The Fascinating History of Photography.
Just like many words in specialty field, the word photography came to be from the Greek language based on 2 words: photos and graphein. Photos and graphein mean light and to draw respectively.Photography, as a word dates back in the early 1830s. This is not to indicate that people did not know about photography before that time. Evidence shows that this was a practice even 2 millenials before then. Ancient Chinese and Greek people were making art that could be said to be photography. What these communities were making is not the same as what the modern day photography. Nonetheless, it is rather fascinating not to forget how rich it is. If you want to learn the transition from camera obscura to smartphone then keep on reading. 2000 years ago, people realized that it is possible to create a picture if a dark room has a small home on one of the walls.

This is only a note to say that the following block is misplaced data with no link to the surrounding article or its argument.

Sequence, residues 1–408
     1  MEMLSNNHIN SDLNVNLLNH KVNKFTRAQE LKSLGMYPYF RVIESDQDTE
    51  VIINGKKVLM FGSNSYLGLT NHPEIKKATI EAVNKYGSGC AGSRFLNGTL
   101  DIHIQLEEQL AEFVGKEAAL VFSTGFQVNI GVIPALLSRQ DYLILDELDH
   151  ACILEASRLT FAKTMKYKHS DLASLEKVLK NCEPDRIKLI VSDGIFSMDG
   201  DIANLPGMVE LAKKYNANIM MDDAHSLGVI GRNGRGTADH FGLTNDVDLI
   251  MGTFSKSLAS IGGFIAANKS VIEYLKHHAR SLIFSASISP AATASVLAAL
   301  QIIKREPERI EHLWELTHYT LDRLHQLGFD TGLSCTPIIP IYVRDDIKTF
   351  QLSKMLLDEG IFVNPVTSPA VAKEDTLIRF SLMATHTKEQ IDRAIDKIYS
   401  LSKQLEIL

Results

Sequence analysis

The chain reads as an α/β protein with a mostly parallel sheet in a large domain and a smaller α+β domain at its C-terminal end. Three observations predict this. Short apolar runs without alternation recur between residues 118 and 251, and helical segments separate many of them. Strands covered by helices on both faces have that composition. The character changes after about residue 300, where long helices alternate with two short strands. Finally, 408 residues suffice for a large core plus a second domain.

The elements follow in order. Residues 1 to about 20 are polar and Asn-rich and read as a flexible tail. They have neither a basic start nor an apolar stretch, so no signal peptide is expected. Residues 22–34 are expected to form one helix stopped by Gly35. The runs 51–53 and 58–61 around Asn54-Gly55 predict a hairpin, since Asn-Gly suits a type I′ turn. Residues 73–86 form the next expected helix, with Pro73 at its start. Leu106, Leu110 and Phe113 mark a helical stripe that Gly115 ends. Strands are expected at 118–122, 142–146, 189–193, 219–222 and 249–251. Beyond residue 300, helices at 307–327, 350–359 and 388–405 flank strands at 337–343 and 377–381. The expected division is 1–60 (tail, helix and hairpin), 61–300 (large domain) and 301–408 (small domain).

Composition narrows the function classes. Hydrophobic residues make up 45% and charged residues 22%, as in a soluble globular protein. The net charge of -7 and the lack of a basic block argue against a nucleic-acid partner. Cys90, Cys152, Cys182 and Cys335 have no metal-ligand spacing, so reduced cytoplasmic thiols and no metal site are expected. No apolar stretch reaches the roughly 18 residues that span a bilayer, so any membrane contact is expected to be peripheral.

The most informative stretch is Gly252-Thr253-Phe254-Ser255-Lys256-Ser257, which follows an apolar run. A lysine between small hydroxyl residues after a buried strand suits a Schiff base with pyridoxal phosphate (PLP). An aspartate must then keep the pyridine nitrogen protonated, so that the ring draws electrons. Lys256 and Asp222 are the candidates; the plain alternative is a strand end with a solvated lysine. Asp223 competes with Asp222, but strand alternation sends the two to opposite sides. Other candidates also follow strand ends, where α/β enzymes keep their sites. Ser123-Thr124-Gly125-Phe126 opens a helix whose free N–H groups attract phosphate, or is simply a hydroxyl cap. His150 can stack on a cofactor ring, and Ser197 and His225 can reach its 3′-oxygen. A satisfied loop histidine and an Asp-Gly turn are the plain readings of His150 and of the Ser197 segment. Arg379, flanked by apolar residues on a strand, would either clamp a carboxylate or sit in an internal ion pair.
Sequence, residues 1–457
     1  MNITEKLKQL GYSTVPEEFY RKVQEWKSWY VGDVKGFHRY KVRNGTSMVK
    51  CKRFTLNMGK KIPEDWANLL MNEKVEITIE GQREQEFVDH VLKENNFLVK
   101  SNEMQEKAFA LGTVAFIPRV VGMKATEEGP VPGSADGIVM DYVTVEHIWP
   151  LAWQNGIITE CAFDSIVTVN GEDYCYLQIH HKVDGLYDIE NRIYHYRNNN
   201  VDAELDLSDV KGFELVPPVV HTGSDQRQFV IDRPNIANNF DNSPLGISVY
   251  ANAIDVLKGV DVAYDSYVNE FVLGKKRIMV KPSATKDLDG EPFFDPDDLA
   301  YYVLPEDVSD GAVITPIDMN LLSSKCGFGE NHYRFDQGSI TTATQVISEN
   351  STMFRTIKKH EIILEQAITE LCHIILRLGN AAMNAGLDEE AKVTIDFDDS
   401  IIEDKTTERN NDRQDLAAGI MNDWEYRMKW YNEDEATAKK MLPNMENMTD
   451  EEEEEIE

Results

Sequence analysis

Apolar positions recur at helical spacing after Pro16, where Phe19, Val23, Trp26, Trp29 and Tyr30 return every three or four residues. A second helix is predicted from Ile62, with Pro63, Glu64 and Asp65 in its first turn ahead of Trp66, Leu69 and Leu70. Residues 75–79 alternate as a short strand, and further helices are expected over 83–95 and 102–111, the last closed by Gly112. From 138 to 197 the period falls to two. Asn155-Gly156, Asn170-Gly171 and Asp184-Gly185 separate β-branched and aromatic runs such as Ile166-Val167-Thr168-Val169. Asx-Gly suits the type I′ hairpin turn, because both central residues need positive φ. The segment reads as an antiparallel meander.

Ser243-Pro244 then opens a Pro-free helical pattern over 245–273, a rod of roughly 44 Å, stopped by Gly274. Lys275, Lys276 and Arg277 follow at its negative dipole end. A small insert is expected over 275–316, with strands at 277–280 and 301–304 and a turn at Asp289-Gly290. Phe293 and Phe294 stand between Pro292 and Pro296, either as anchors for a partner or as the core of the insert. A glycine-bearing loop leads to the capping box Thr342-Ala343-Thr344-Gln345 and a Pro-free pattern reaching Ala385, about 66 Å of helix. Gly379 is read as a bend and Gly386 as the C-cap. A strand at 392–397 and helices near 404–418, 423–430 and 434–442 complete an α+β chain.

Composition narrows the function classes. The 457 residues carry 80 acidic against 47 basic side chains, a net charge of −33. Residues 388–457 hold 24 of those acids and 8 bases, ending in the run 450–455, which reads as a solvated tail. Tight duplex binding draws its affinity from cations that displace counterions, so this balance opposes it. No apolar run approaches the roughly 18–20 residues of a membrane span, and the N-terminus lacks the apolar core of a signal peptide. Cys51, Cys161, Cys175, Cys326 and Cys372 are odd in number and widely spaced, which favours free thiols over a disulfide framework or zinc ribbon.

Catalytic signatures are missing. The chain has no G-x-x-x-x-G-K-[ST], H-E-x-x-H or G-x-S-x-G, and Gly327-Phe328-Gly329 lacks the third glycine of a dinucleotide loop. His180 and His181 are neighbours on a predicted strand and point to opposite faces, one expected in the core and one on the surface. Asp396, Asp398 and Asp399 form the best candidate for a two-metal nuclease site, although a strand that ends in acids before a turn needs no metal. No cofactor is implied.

With an image standing outside the dark chamber, the image was projects on its anterior walls through the hole. The process is the definition of camera obscura. Lenses were available in the late years of the 16th century and they were mostly used by scientists and inventors. After the image was captured, the photographers then traced it and the rest of the parts were filled. You cannot talk about lithography without mentioning Nicephore Niepce. Lithography is basically the copying of the images on a lithographic stone. The end product would then be printed in ink. Heliography came to be in 1822 courtesy of Niepce. It is simply a process in which this process used light from the sun in completing the drawings. Niepce used heliography in copying the oil engravings to a number of surfaces including glass, pewter plates, stone as well zinc. After trying to create paper prints using this method, it failed. Louis-Jacques- Mande Daguerre became Niepce’s partner in 1829. He was working towards shortening the amount of needed in the exposure process. Niepce’s partner continued the work after his death and he was able to achieve the goal. Through the use of plates containing iodized silver which held the image and then exposing them to mercury, he was able to achieve that. Louis-Jacques- Mande Daguerre was able to develop his images much more quickly. Even with such a milestone, these images were not permanent. When such images were exposed to light they would dissolve. In 183, Louis-Jacques- Mande Daguerre was able to make permanent images. You can learn more about this history here.